Solar technology in Hemau, Bayern, the world’s biggest aerea for solar energy, Constructed in 2002, … [+]
With Russia’s war in Ukraine worsening a global energy crisis, no less than five new reports have come to similar conclusions about what nations need to do to secure their energy future while hitting climate targets.
In short, governments need to double down on renewable energy, massively improve efficiency, and electrify their economies.
In the most recent report, U.K. think tank Ember revealed that solar and wind power generated 10% of the world’s electricity for the first time last year, suggesting renewable energy has begun to redefine the global electricity system.
With oil and gas prices still at record highs around the world, and the UN secretary-general describing the world’s “addiction” to fossil fuels as “mutually assured destruction,” Ember found that solar electricity generation increased 23% last year, while electricity from wind rose 14% worldwide—a rate of change that could put the world on course to achieve its climate change commitments.
More than 50 countries, including the world’s five largest economies, generated over a tenth of their electricity from wind and solar in 2021. Seven nations, including China, hit that 10% threshold for the first time. Meanwhile, three countries—Denmark, Luxembourg and Uruguay—derived more than 40% of their electricity from wind and solar.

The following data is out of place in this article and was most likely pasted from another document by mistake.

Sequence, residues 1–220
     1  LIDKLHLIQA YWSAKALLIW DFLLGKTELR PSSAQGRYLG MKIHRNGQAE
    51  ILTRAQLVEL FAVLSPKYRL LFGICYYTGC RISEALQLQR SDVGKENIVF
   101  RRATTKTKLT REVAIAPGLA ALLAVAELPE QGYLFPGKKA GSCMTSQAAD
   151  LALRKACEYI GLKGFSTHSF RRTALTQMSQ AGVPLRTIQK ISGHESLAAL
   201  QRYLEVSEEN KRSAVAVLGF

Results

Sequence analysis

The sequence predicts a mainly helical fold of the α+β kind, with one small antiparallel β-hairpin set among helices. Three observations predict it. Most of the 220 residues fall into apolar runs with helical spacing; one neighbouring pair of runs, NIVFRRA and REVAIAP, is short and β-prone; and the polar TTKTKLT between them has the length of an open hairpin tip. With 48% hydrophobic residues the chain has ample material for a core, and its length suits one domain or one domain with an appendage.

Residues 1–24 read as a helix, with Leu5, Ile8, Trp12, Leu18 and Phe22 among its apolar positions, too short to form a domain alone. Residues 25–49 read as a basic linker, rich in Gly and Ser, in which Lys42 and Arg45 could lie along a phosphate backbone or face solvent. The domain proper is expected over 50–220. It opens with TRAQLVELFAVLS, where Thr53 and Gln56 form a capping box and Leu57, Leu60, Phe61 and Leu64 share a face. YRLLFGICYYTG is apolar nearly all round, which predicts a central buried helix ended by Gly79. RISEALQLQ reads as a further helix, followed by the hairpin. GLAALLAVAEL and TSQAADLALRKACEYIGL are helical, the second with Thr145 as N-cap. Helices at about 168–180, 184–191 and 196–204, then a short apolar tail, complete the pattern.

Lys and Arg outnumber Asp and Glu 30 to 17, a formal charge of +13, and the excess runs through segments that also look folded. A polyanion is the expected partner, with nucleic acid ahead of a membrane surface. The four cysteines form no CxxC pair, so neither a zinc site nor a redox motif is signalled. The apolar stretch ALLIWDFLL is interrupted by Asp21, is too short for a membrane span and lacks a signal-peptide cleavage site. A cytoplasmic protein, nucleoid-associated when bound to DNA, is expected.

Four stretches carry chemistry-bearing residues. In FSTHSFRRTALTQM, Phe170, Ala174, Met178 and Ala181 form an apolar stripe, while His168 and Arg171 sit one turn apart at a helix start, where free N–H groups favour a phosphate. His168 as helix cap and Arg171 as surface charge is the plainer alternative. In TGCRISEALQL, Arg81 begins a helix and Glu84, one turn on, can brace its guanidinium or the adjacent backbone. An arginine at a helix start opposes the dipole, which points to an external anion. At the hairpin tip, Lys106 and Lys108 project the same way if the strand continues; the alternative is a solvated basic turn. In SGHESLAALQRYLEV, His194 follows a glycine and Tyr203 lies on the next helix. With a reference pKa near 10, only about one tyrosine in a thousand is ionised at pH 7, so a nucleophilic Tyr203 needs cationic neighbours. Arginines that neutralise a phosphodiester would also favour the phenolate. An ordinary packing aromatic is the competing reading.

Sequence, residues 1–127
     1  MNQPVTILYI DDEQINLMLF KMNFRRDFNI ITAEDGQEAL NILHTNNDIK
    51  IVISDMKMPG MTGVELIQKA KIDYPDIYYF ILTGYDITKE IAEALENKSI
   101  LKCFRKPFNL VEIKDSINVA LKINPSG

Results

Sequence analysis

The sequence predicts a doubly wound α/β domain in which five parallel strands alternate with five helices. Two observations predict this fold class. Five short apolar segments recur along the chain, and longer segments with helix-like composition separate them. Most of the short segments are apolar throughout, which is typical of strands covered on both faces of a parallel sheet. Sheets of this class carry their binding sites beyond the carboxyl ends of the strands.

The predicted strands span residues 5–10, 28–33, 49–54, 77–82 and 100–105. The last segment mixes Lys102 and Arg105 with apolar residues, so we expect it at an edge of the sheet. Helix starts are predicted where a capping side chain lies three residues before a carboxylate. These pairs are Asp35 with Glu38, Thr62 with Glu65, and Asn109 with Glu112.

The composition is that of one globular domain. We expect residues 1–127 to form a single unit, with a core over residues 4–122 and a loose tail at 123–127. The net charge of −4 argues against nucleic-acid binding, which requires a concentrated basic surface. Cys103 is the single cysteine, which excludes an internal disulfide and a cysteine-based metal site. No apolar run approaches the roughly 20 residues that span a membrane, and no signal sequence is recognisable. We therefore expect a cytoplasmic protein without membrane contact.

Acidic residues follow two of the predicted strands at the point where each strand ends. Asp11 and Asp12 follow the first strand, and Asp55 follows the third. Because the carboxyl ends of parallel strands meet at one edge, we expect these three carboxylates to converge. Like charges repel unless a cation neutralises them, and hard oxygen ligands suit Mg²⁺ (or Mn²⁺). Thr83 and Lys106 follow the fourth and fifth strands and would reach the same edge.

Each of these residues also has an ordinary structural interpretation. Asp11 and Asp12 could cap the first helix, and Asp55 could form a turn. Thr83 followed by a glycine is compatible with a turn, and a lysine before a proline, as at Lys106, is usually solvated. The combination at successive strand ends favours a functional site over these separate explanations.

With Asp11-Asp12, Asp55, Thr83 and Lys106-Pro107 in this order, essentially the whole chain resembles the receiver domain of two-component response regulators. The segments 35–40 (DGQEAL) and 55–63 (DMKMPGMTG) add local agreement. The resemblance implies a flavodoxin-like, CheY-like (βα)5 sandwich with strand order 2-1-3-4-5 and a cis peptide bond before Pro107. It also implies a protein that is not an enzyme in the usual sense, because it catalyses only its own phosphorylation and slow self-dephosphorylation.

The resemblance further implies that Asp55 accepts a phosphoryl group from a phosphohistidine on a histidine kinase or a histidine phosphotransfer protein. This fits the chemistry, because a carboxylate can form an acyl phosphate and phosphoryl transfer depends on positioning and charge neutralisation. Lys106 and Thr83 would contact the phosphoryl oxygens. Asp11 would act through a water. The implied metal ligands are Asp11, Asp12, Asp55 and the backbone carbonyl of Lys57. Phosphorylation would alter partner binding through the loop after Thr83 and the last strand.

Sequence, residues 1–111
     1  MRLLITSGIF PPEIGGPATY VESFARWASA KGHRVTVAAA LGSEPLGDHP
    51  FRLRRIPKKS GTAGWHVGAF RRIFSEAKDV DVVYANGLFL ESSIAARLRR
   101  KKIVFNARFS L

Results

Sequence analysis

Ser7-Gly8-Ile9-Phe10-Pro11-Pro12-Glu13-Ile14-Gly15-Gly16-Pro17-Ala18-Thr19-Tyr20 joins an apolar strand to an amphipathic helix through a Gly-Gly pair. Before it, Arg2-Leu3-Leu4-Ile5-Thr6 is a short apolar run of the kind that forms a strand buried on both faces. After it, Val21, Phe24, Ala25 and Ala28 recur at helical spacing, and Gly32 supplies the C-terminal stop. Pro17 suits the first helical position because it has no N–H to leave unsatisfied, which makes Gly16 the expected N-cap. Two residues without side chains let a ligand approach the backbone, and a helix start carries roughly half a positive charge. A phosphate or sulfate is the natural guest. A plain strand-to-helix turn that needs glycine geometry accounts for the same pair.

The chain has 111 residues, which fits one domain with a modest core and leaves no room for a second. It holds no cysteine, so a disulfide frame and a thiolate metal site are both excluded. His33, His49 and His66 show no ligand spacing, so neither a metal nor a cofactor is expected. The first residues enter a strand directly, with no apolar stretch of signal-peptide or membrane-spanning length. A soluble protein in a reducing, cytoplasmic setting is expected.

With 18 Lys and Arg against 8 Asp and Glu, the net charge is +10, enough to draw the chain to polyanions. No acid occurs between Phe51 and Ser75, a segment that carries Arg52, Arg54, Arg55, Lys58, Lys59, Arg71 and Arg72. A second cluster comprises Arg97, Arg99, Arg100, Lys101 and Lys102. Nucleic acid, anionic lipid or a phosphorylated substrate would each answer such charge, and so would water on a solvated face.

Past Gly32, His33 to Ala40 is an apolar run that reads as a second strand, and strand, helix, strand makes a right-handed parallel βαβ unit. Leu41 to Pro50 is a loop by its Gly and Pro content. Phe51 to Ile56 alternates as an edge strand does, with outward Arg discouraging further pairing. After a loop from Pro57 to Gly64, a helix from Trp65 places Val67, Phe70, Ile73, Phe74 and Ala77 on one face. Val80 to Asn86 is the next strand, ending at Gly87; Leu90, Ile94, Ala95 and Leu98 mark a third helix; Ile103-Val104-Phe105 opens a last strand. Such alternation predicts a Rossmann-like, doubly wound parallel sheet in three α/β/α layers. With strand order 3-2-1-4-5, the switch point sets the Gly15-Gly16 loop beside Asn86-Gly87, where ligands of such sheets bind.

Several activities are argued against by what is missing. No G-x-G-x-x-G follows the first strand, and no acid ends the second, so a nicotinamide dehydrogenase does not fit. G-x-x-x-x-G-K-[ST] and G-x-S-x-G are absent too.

But perhaps most striking was the breadth of the change in electricity generation, with wind and solar deployment now gathering pace in almost every region. Since the outbreak of the coronavirus pandemic in 2020, the Netherlands, Australia and Vietnam saw the largest transformations to their electricity systems, with each nation switching more than 8% of their electricity production from fossil fuels to renewables.
“Ukraine should be the turning point to enable governments to go full throttle on renewable energy investments,” Ember’s global lead Dave Jones told me. “They want homegrown electricity supply; they want to be reducing their reliance on those expensive fossil fuels; the price of [natural] gas has gone up 10 times. So they should be doing everything they can to make the switch.”
Just a day earlier, a report from the International Renewable Energy Agency (IRENA) highlighted the triple threat of high fossil fuel prices, energy security concerns and the urgency of climate change, and made the case for a massive acceleration of clean energy generation, to 40% of the world’s energy mix by 2030.